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Yet seeing that the Fed Chair Yellen is firmly perched on a hawkish stance, there is certainly something preparing for the end of this year. Judging from the FOMC Chair Yellen’s speech yesterday, the first Fed rate hike may happen by December and could rather be a relief for the entire market. Both the G10 and emerging markets are running out of patience regarding the lack of visibility on Fed’s road map.
A potential status quo in December could cost the Fed dearly, in terms of market volatility and financial instability and even credibility. For now, despite record lows in the likes of the Brazilian Real, the South African rand and the Turkish lira, the market is pricing in a near 50% probability of a move in time for Christmas.
Due today, the US second quarter growth data could see a downside revision. The slowdown in exports but also the accumulation of business inventories warns that lethargy will soon knock at US’ door. The recent experience has proven that massive cash injection in the financial system has not been an efficient solution. Therefore the positive correlation between the risk appetite and the life expectancy of low rates wanes significantly.
Investors are craving for a clearer picture and the marginal utility of an extra month of cheap Fed liquidity decreases. Stock prices are heading south even if the Fed is willing to leave the cash tab open for some more time.
The commodity market has been the first to throw in the towel; the artificially puffed up stock market has however a longer way to run south.
The US sovereign yield curve flattened by more than 10 basis points on the back-end since the FOMC decided to keep its policy rates unchanged at the September meeting. Inflows to the US sovereign bond market continue as if there were no tomorrow. According to a UBS report, the treasury AUM was boosted by about 12% over the past month. The capital flow dynamics suggest that the US treasury market is still perceived as the best place to be parked.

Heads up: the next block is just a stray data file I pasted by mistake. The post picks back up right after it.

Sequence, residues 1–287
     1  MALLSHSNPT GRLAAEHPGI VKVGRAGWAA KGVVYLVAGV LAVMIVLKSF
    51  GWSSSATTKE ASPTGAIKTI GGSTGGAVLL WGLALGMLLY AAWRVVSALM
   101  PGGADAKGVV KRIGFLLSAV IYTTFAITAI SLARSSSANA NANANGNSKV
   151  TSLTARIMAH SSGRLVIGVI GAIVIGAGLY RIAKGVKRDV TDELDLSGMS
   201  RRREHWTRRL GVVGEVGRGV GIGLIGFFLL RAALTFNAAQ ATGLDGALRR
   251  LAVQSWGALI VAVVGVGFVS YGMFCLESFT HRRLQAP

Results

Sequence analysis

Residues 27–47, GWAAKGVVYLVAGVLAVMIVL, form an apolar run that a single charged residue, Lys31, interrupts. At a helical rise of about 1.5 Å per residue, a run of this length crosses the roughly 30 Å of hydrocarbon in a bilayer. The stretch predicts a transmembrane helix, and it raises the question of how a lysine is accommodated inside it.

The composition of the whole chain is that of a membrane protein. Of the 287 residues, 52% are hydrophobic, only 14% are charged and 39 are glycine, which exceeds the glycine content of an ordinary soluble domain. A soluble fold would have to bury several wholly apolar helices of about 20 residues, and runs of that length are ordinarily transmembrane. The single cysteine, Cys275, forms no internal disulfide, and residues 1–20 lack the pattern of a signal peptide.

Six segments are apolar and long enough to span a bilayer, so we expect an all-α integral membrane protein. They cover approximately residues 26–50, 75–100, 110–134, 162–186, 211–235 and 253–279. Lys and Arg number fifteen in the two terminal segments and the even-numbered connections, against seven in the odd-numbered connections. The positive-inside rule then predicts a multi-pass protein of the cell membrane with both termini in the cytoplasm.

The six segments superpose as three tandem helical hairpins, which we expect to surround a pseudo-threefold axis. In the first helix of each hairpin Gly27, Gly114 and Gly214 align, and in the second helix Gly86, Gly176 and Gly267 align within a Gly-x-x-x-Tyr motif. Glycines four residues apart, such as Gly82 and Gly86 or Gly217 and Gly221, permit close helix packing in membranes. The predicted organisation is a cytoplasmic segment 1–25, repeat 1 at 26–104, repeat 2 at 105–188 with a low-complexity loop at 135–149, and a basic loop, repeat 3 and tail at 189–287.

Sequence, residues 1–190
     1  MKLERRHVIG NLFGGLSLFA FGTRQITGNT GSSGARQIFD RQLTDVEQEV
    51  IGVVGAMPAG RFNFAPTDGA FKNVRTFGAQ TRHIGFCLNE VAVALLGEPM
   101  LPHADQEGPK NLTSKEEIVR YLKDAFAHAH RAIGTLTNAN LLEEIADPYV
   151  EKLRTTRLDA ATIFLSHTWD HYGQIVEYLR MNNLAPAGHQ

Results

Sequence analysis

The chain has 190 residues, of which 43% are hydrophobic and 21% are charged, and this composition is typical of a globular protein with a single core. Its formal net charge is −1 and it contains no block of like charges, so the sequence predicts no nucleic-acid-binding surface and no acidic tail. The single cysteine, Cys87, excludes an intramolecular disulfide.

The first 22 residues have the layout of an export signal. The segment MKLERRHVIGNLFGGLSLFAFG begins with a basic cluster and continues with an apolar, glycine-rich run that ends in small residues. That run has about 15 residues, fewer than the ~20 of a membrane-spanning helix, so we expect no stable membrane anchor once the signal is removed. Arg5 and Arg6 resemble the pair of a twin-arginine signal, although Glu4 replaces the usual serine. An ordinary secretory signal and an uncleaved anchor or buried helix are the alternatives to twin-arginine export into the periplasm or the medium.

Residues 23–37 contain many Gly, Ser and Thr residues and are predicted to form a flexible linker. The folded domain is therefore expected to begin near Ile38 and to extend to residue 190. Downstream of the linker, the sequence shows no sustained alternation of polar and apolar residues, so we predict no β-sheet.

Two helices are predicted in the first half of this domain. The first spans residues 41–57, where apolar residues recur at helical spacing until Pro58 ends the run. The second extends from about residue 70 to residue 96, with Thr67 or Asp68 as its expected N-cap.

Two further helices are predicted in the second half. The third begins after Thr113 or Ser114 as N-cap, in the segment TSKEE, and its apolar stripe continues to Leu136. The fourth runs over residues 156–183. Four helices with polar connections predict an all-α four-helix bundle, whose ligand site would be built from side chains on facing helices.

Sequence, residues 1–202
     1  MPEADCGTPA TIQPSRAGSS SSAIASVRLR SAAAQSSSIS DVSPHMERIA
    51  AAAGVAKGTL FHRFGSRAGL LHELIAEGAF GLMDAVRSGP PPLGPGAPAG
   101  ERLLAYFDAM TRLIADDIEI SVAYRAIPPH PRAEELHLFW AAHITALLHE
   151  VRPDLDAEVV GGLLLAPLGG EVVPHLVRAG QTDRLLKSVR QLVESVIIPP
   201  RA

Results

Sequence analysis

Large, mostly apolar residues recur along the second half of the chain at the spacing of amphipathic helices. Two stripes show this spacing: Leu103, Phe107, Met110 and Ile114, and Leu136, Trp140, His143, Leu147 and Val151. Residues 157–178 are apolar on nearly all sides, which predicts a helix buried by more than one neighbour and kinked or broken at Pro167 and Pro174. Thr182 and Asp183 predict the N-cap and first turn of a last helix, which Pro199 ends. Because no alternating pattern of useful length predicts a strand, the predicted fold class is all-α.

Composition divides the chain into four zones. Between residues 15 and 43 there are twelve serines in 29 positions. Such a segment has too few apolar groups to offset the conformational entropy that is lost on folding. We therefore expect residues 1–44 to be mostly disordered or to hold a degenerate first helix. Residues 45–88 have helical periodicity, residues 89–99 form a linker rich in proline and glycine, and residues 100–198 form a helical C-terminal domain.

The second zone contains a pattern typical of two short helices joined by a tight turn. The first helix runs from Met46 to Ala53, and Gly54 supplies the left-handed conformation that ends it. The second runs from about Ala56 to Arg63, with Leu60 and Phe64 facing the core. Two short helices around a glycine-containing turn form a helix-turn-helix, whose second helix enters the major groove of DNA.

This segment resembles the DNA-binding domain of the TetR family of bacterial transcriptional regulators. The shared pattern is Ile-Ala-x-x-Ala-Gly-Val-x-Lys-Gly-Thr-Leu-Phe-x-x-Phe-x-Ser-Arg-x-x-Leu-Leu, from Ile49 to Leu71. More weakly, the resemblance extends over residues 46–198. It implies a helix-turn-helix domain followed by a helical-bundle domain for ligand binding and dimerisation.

European markets look set to turn lower at the start of trading on Monday. The new US and Chinese tariffs take effect today so traders in Asia and Europe look cautious. Both continents are more exposed to global trade than the US. For markets, the new tariffs …Read more
Whilst risk sentiment has been healthy across the week, this swelling optimism boosted US stock markets to an all-time high overnight. A rally in tech stocks, which have done a lot of lifting for the indices over the year, in addition to fading concerns over U…Read more
Despite a shaky end to trading on Wall Street overnight, which saw the Dow gain 0.6%, the S&P just 0.1% and the Nasdaq slip by the same, Asian markets moved broadly higher on improved sentiment. European bourses are taking the lead from the US over Asia, w…Read more
Asian markets took the lead from Wall Street overnight, rallying as the latest tit for tat measures in the escalating trade spat have not been quite as severe as the markets had been expecting. Tech stocks were also heavily in demand, bouncing back after steep…Read more
Traders are faced with a sea of red in risk-off trading as markets are set to open on Tuesday. Despite the fact the market has been expecting an escalation in trade tensions between the world’s two largest economies with further tariffs from Trump; the reality…Read more
Escalating trade tensions will once again be a central theme to driving sentiment and trading this week, with President Trump widely expected to levy tariffs on a further $200 billion worth of Chinese imports, potentially as soon as today. The elevated trade c…Read more
European bourses are set to take the lead from a positive session on Wall Street and Asia overnight. A drive higher from tech stocks on Wall Street helped lift Asian equities after their recent battering, pulling them off 2-year lows.
Asian markets were endin…Read more
Today will be a busy day for traders with 2 central bank rate decisions and US inflation data all due for release within a few hours of each other. The BoE monetary policy announcement will kick things off, followed shortly after by the ECB rate announcement a…Read more